Portsmouth scientists need your help to study worm sex lives

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Love is in the air along our coastlines this autumn, and scientists from Portsmouth University are asking people to watch out for signs of passions in worm populations.

The team is studying lugworms, which are a major source of food for birds and fish.

The animals spend their lives burrowed deep in sand, meaning opportunities to find the perfect mate are limited.

Instead, the males release sperm which collects in ‘puddles’ on the surface of the sand, then when the tide comes in the sperm is washed down in to the burrows of females and fertilises their eggs.

Very little is known about the process of fertilisation though and scientists are calling on members of the public to join their project - dubbed ‘Spermwatch’.

The project is part of the wider conservation project Capturing our Coast, a partnership between different universities, the Marine Conservation Society, the Earthwatch Institute, the Marine Biological Association and the Scottish Association of Marine Science.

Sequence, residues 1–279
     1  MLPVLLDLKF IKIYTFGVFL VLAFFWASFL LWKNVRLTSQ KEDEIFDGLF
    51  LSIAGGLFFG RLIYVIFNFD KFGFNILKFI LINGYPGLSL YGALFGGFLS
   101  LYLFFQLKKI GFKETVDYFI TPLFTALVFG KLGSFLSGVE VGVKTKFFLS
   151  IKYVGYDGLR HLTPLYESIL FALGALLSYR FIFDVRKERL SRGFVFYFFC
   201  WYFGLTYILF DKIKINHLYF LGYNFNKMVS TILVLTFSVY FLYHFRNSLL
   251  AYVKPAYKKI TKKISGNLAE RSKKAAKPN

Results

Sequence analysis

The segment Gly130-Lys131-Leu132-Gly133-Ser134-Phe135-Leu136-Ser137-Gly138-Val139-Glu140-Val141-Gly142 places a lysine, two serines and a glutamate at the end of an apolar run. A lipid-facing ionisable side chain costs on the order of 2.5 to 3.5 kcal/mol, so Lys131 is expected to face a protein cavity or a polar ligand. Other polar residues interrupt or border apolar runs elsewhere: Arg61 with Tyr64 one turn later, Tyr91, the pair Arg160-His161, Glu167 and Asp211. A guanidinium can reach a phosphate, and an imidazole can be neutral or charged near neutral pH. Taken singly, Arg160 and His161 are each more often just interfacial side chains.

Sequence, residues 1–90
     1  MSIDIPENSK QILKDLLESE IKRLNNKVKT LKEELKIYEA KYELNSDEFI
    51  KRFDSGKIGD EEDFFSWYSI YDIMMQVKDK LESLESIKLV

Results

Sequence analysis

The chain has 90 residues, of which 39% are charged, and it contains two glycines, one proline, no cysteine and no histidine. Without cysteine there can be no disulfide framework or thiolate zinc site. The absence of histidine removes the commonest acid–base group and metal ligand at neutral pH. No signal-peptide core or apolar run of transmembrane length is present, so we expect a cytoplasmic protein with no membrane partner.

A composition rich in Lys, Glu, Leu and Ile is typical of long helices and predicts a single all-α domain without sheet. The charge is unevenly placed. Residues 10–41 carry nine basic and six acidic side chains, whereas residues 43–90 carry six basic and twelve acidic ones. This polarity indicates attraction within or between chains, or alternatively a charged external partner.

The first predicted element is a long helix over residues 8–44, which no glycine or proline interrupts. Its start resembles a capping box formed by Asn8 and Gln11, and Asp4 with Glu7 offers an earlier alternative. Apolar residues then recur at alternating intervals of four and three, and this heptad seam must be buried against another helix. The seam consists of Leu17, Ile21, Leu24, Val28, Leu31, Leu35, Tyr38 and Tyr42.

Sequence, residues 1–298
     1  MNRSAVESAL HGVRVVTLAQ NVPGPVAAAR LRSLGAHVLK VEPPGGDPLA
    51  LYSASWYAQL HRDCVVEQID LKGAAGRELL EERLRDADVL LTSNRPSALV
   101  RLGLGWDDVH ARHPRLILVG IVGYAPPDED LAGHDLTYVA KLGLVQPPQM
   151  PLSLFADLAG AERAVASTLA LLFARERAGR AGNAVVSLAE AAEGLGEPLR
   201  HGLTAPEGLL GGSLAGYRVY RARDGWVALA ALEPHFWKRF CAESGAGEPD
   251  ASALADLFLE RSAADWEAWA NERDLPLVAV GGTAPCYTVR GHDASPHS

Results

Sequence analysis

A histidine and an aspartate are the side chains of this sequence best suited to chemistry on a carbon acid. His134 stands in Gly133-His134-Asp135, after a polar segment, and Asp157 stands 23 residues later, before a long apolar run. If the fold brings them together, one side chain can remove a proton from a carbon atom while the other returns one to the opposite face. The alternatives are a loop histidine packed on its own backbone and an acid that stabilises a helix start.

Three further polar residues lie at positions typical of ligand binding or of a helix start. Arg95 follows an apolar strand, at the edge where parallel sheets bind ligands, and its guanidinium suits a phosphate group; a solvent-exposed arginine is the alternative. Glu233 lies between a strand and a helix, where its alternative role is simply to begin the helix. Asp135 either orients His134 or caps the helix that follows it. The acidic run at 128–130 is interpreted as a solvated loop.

Dr Katrin Bohn, Capturing Our Coast Project Officer at the Institute of Marine Sciences, University of Portsmouth, said: ‘Lugworms are fascinating.

‘The entire population at a specific location reproduces for just a few days every year and only when certain environmental conditions are ideal.

‘We want to know what those conditions are and also understand how climate change, for example, will affect that.

‘By going out for a walk on any beach across the UK, members of the public can help us in answering those questions.’

Dr Gordon Watson, principal lecturer at the Institute of Marine Sciences, said: ‘This is a great way for people to get involved in scientific research.

‘It would be virtually impossible to collect these data without public involvement, so every bit of data the public collects is vital.’

Instruction books can be downloaded from the Capturing Our Coast website.

Picture credit: University of Portsmouth